Meet a third striker
KiwiBlog 27 September 2018
Family First Comment: This 26 year old has a massive 68 convictions as an adult (and five before that). 17 of the 68 convictions are for violence.”
Because he’s a third (17th) striker, he gets seven years non-parole, rather than a non-parole period of just over three years. Sounds completely fair and just.
Strike 1 – assaulted a prisoner in the exercise yard. As the victim was lying on the ground, he kicked him. He then wrenched his arm in an arm lock, causing it to break. He also tried, unsuccessfully, to break his legs and other arm.
Strike 2 – assaulted prison officers with sharpened implements.
Strike 3/1 – approached another prisoner from behind with a large metal
shank, hidden in cloth. Used this to strike the victim to the head. Victim suffered five lacerations to his head, ranging from one to four centimetres in size.
Strike 3/2 – approached another prisoner from behind with metal shank. Stabbed the victim with it repeatedly. Stabbed the victim not fewer
than 12 times. Inflicted seven wounds to his back; four to his arm; and one behind his ear.
The three strikes law means for his third strike he gets seven years without parole. The Judge says otherwise he would have got five years and one month and a non parole period of three years and five months.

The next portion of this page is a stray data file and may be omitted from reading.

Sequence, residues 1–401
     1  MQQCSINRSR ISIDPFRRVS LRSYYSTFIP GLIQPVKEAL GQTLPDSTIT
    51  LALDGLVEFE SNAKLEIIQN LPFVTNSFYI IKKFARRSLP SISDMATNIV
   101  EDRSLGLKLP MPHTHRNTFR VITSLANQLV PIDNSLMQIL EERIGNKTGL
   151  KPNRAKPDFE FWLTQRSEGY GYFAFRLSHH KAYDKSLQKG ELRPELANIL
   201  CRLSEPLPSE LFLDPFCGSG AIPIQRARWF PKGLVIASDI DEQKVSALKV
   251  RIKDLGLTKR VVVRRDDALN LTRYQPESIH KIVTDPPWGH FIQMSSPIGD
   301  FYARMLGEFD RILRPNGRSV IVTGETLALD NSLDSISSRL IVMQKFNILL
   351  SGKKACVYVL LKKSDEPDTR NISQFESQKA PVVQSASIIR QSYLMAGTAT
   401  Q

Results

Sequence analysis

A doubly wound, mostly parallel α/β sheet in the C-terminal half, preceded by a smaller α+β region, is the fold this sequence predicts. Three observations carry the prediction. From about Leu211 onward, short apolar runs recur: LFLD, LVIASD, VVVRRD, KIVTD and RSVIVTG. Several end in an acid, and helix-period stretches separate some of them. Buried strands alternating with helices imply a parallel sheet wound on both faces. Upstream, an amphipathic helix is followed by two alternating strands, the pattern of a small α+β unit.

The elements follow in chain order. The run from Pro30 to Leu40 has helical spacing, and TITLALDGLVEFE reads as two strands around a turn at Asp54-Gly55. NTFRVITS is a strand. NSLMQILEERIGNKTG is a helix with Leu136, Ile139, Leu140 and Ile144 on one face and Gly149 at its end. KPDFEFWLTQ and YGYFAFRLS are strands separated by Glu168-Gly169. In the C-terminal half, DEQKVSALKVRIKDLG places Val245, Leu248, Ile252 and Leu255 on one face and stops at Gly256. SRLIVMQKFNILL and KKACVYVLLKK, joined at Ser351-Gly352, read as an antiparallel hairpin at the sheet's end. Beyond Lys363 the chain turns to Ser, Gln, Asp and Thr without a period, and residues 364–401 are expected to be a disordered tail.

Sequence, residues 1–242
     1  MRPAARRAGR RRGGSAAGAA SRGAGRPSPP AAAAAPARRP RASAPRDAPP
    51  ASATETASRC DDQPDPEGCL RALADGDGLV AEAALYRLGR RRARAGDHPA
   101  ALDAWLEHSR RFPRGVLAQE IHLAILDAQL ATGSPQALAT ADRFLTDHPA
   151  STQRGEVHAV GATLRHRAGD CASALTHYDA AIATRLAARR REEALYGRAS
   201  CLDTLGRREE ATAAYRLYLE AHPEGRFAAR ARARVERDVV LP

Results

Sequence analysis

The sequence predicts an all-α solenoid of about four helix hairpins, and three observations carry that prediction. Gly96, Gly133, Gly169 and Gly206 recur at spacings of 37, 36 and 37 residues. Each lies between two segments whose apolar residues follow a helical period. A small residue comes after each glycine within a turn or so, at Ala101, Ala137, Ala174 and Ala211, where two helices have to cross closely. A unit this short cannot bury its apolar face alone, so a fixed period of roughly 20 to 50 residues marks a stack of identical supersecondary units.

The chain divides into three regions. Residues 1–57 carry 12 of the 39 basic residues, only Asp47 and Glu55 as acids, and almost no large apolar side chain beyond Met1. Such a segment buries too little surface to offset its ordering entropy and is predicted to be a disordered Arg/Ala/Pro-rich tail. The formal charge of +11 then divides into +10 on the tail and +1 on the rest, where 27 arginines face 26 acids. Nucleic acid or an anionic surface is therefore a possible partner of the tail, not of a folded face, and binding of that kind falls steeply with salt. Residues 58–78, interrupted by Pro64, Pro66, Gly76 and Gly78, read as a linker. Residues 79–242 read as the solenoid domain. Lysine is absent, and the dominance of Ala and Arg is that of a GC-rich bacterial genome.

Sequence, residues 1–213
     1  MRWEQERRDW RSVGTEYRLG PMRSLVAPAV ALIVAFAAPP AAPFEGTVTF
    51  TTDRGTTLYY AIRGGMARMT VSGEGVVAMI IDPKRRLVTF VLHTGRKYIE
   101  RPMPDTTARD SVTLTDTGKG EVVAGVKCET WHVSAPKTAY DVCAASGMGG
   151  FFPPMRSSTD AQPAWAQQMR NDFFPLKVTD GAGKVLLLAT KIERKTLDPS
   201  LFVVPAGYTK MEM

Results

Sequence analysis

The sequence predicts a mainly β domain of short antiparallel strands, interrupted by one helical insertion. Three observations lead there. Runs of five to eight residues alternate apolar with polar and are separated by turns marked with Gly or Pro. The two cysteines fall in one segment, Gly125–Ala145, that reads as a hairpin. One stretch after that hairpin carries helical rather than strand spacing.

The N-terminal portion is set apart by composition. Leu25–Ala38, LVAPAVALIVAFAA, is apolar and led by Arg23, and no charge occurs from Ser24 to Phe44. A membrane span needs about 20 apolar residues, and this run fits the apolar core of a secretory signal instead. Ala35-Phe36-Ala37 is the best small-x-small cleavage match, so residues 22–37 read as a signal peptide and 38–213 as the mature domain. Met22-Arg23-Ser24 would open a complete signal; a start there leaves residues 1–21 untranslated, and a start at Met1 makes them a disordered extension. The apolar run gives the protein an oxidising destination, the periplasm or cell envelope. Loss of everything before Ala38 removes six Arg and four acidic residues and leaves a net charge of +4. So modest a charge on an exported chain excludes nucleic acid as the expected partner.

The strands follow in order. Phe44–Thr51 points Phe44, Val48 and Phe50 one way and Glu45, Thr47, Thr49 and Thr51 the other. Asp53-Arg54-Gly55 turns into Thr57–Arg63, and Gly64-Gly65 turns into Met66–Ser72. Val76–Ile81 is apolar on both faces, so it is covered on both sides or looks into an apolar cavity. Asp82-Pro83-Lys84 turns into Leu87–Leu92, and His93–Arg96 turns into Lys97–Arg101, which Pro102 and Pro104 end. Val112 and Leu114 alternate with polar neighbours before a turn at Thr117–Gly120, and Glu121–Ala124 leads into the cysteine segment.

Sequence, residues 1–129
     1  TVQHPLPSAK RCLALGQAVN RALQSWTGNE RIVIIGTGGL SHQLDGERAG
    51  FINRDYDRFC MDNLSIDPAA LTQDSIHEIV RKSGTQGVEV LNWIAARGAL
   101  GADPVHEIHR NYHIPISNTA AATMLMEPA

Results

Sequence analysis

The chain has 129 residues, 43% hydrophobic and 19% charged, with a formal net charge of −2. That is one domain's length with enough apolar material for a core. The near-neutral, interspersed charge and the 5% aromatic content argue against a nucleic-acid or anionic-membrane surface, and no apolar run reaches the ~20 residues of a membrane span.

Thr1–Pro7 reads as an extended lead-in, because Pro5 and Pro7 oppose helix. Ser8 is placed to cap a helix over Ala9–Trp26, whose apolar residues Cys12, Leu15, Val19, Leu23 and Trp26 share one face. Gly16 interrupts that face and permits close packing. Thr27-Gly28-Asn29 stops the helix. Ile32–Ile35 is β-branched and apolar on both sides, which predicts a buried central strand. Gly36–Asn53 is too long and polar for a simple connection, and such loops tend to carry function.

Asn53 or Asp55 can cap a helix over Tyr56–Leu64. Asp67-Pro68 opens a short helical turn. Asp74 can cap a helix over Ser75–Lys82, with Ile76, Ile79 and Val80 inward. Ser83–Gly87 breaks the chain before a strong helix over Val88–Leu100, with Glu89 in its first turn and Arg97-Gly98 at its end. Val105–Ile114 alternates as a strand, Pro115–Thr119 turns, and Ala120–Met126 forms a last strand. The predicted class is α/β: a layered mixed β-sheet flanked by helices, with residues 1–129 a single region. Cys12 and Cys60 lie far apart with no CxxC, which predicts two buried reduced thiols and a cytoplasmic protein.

As it happens both sentences are trumped by the fact he got preventive detention, so is indefinitely jailed until he is deemed safe (but thanks to three strikes no less than seven years away). That is because this 26 year old has a massive 68 convictions as an adult (and five before that). 17 of the 68 convictions are for violence.
So it isn’t three strikes and you’re out, but 17 strikes.
The Judge notes:
You said you had wanted to be a “lifer” since the age of 18, and you admired prisoners who frightened other prisoners and guards. You said when you commit an offence of violence, you intend to cause the
victim “maximum damage”. You said also you owe “love and loyalty” to the Killer Beez gang.
Sounds like a poster child for why we should relax the bail and parole laws, eh!